Political Interference

Chinese meddling alarms EU firms

84744631 Merkel Xi Airbus DPA
What did we get ourselves into? Angela Merkel looks on as Airbus CEO Tom Enders signs a Chinese plane order. Source: DPA

When Chinese President Xi Jinping was elevated to the same status as state founder Mao Zedong last month, the Communist Party congress wrote his name and ideas into its constitution. One of those ideas has involved expanding the party’s economic powers — and that is increasingly affecting European and German companies.

Now, some business leaders are sounding the alarm at attempts by the political party to exert influence on the decisions of joint venture companies in China. “The strengthening of the Communist Party in all areas has a direct impact on foreign companies in China,” Dieter Kempf, president of the BDI Federation of German Industries, told Handelsblatt.

Mr. Kempf said firms were alarmed by the party’s push for more influence over day-to-day decisions and warned that in doing so it was endangering efforts to bring innovation, production and jobs to China. “It must be left to international investors to have the last say in business and investment decisions — not the party,” he said.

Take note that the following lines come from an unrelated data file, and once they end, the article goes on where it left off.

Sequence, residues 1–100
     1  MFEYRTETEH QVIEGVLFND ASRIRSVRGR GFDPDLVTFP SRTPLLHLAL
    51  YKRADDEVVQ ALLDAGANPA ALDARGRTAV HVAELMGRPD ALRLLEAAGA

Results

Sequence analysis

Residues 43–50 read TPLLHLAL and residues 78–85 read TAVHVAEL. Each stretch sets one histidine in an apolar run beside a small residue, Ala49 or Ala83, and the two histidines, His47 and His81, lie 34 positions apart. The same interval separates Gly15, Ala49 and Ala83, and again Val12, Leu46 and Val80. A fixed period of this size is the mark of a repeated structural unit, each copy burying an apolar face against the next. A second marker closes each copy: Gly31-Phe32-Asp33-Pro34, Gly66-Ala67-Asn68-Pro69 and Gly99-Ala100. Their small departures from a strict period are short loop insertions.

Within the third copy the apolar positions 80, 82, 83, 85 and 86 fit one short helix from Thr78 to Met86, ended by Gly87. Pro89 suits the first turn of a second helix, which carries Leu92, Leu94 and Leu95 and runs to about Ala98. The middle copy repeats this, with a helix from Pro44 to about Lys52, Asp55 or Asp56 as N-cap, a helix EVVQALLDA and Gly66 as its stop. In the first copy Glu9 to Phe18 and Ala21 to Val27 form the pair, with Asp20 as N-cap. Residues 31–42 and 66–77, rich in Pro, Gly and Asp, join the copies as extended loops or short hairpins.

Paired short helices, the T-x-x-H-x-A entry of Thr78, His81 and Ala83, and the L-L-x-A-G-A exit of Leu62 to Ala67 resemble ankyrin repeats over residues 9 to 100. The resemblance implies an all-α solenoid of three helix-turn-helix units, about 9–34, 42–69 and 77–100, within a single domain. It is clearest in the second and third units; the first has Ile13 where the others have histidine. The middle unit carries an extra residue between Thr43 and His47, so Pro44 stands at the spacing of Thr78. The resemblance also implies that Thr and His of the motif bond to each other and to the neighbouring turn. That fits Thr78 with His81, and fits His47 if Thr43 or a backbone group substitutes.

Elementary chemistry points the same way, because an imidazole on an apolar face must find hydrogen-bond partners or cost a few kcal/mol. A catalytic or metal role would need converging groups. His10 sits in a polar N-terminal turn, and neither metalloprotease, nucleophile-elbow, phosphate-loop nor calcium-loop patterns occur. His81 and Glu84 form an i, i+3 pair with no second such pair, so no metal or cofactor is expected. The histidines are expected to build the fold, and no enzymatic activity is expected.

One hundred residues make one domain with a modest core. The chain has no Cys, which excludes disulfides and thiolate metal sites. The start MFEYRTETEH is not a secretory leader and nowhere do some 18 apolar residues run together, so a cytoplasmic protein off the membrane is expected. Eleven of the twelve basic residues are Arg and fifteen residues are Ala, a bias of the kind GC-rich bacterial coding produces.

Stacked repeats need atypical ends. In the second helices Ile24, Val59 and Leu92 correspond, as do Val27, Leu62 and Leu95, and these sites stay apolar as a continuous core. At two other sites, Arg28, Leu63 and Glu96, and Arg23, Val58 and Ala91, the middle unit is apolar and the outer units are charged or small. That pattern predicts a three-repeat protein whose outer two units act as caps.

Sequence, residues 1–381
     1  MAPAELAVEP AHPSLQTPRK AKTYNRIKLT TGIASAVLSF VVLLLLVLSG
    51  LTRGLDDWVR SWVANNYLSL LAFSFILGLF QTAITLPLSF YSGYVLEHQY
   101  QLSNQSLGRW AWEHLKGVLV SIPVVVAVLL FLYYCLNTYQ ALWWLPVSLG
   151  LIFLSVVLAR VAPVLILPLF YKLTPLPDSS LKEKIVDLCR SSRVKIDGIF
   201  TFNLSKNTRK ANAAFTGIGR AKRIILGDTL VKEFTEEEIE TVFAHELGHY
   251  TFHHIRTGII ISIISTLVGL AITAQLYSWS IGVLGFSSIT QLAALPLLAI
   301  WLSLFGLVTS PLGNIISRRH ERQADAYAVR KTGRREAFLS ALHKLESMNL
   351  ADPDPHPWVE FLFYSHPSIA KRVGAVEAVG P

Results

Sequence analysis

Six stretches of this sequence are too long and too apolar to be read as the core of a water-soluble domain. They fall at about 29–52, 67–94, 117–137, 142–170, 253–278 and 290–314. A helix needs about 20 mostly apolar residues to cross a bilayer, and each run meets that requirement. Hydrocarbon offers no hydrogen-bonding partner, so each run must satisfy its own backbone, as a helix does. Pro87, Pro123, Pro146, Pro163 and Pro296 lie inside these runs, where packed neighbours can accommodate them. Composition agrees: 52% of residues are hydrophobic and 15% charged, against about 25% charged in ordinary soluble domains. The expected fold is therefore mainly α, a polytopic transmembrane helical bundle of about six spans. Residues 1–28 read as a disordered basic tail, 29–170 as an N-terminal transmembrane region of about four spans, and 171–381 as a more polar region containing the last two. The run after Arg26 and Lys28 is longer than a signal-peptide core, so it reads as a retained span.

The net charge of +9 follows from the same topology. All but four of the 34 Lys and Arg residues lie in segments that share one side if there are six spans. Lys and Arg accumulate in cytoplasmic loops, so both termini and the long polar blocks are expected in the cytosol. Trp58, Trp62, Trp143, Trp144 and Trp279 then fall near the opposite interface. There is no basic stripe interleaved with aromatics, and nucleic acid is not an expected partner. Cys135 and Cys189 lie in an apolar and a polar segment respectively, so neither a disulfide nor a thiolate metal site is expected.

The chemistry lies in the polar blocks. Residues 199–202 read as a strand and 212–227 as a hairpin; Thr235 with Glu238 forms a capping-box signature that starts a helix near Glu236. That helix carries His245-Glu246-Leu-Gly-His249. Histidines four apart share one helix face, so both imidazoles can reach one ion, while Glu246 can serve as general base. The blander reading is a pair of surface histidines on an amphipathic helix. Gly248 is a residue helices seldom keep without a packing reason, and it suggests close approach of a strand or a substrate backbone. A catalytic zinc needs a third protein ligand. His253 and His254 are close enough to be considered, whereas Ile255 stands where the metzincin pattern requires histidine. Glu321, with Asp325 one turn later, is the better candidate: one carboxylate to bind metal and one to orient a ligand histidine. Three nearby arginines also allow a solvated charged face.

“I think it’s astonishing and wrong how little China appreciates the prosperity-creating principle of openness.”

Dieter Kempf, BDI

Exerting political influence was always a possibility: Under Chinese law, companies can be required to set up party cells consisting of functionaries who are usually on the firms’ payrolls and who report to the party leadership. But ever more often, foreign firms say that those officials are demanding a say in decision-making.

Companies are starting to feel pressure but few of them are daring to speak out. When asked to comment, European plane maker Airbus said the regional government of the northeastern province of Heilongjiang had told the company to set up a party cell in a local plant. Airbus runs a components-making joint venture in the region’s capital Harbin with a state-owned company.

But Airbus stressed this was nothing new. Another assembly plant in China has had a party cell with around 100 members for almost 10 years. “They mainly have an advisory role and they’re usually a good support in communicating with employees,” said an Airbus spokesman.

Privately, industry insiders are considerably more frank. They said that in the aircraft industry in particular, the Chinese government was bent on strengthening state-owned Cormac, which is on a mission to catch up with Boeing and Airbus one day.

China wants to become the world’s largest plane market by 2024 and is investing billions in new airports and planes. It wants the fleets of its state airlines to include Cormac planes and has repeatedly been putting Airbus under pressure, the insiders said. Chinese officials have been threatening to cut back their orders for Airbus planes and the party cells are being used as an additional way to exert influence, said two people familiar with Airbus. The company declined to comment.

It’s true that every state pursues an industrial policy. But China’s Communist Party is directly intervening in the running of international private sector companies. That’s different.